The insights that I am sharing in this blog piece are the unintended outcome of a purely pedagogic exercise – to diversify the reading list of the MSc Engineering and Education at University College London (UCL). This MSc is designed for engineers, teachers of engineering and engineering policy makers who wish to develop innovative strategies to improve engineering education.
Over the course of the academic year, we introduce our MSc students to a diverse range of academic papers covering key topics in Engineering Education Research (EER). For instance, throughout the year students on the MSc get to engage with current thoughts and ideas in EER areas such as:
- Entrepreneurship in engineering education,
- Sustainability Education for Engineering,
- Curriculum reform/transformation in engineering education
- Ethics, equality, diversity and inclusion in engineering education
- Innovative/transformative teaching in engineering education
- Problem/project/challenge based learning in engineering
- Active/Collaborative learning
- Engineering Design
- Internships/industrial experience,
- Open and online teaching and learning
Background to this exercise
Most of the items on our reading list are from the West, for the simple reason that these are more readily available. Unfortunately, this tends to reinforce a primarily Western/Anglo Saxon view of current topics in EER. Engineering Education is a highly social activity, and we would like our students to explore various aspects of Engineering Education from a diversity of perspectives. We are especially keen for our students to explore through these readings, the various nuanced adaptations of standard methodologies like problem based learning across different regions of the world.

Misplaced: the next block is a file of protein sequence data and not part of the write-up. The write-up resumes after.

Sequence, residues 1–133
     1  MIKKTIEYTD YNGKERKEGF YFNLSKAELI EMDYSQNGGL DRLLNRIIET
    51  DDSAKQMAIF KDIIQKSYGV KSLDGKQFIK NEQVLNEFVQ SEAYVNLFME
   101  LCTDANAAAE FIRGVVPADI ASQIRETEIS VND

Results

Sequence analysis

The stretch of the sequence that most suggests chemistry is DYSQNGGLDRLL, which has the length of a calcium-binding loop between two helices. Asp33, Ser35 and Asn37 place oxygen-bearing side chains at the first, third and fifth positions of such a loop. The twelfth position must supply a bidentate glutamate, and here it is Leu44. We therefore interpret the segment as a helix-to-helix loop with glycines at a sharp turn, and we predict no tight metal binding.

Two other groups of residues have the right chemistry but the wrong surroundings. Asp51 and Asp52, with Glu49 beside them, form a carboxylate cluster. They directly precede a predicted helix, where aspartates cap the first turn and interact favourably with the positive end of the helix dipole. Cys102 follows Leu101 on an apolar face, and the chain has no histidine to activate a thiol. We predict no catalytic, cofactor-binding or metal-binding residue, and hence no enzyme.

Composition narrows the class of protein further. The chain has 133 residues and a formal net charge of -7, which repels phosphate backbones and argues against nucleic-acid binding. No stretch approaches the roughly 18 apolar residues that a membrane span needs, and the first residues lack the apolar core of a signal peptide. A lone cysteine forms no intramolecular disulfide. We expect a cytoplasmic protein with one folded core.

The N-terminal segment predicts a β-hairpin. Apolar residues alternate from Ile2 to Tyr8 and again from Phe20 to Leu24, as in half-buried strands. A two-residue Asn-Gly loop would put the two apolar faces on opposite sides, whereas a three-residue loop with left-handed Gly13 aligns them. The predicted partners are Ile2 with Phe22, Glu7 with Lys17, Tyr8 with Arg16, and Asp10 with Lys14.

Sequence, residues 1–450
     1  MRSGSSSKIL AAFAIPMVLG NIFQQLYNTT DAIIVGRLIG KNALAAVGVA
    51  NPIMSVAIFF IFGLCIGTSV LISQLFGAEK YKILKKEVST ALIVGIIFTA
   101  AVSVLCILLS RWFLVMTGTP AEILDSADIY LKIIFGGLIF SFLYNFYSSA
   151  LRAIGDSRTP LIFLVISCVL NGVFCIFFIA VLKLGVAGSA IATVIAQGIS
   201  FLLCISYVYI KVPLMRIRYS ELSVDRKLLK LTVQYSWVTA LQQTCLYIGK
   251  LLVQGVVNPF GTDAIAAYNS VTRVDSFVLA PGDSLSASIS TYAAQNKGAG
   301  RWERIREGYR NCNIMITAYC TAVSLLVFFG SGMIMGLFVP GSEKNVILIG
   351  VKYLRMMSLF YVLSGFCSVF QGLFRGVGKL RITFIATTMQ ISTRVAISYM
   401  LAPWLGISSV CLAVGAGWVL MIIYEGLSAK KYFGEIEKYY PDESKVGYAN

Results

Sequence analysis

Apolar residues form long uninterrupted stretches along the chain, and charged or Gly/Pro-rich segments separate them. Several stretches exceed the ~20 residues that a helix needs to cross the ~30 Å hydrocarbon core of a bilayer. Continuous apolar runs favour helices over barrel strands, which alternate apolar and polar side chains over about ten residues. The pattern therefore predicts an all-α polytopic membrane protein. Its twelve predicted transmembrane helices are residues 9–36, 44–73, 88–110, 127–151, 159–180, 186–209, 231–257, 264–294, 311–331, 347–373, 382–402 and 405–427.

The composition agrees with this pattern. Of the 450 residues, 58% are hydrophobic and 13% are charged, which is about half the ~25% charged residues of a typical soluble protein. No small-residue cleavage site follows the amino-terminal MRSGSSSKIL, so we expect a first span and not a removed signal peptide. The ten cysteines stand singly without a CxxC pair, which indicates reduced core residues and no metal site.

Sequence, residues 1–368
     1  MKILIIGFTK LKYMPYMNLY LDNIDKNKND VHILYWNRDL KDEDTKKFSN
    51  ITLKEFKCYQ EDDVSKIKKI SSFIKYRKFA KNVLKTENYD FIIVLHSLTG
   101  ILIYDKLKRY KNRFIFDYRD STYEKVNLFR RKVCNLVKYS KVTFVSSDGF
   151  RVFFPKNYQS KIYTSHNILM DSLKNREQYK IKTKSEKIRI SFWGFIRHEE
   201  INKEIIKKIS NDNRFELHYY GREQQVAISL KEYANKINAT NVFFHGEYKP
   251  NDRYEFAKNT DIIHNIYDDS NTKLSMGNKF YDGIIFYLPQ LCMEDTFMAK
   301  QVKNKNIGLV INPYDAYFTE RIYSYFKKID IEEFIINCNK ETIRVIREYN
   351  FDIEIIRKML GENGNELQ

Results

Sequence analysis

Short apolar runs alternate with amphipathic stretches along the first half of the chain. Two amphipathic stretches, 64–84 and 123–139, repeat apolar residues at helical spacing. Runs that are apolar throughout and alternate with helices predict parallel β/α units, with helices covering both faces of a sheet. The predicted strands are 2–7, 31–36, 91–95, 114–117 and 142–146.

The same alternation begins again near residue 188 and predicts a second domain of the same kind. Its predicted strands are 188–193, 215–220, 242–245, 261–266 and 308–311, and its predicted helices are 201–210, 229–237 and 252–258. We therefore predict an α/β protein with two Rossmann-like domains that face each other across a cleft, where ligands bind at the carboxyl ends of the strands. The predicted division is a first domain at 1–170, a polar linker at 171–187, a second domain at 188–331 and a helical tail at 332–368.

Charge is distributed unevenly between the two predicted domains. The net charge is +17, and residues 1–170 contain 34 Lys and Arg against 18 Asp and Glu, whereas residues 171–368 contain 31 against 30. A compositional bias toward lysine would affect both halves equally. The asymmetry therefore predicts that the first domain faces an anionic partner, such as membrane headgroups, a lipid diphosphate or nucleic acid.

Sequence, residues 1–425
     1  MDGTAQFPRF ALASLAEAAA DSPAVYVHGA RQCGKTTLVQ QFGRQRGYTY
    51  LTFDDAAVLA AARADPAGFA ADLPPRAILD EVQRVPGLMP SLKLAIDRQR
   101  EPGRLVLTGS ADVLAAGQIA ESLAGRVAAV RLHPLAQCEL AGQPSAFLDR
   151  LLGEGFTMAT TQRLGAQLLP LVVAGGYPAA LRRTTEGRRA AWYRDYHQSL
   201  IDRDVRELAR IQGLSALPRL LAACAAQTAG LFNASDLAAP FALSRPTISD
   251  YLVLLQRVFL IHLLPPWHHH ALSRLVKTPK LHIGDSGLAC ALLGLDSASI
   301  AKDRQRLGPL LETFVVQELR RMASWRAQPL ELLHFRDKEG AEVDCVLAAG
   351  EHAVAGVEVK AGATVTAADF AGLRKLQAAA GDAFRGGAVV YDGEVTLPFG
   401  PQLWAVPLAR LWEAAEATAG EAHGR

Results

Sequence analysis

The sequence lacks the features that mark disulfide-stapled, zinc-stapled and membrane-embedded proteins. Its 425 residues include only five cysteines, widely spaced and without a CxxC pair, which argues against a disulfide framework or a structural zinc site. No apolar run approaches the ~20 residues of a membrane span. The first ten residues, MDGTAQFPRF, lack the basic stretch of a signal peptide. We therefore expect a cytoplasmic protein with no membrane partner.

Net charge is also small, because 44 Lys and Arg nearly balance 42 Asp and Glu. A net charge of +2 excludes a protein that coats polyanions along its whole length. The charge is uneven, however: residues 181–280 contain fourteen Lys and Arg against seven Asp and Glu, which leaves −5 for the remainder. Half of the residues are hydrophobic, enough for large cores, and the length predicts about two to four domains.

Moreover, our MSc is truly international, with students coming in from a range of countries all over the world. We want our students to bring along their own experiences and to critically evaluate these experiences in informed discussions with their colleagues who are from entirely different nationalities. Difference breeds creativity and innovation, and in designing the MSc we have specifically sought to make it a melting cauldron of diversities of opinions and thoughts, all fuelled by scholarly research from every corner of the globe. We are therefore compiling journal and conference papers on any topic in EER from regions and countries that are underrepresented in our reading list. This includes most countries in Sub Saharan Africa.
How we carried out the exercise
We carried out a search of EER articles emanating from Sub Saharan Africa. This includes countries like Nigeria, Malawi, Sierra Leone, Ghana, Ethiopia, Uganda, South Africa and Namibia. We used the following databases – African Journals OnLine (AJOL), International African Bibliography Online, African Education Research Database, JSTOR, Web of Science, and Google Scholar. Searches were limited to English language articles focussing on EER topics such as engineering education transformation, engineering curriculum reform, Conceive Design Implement Operate (CDIO), active and collaborative learning, problem-based learning, project-based learning, and internships. We limited our search to articles from 2010 and onwards as our focus was primarily on current articles.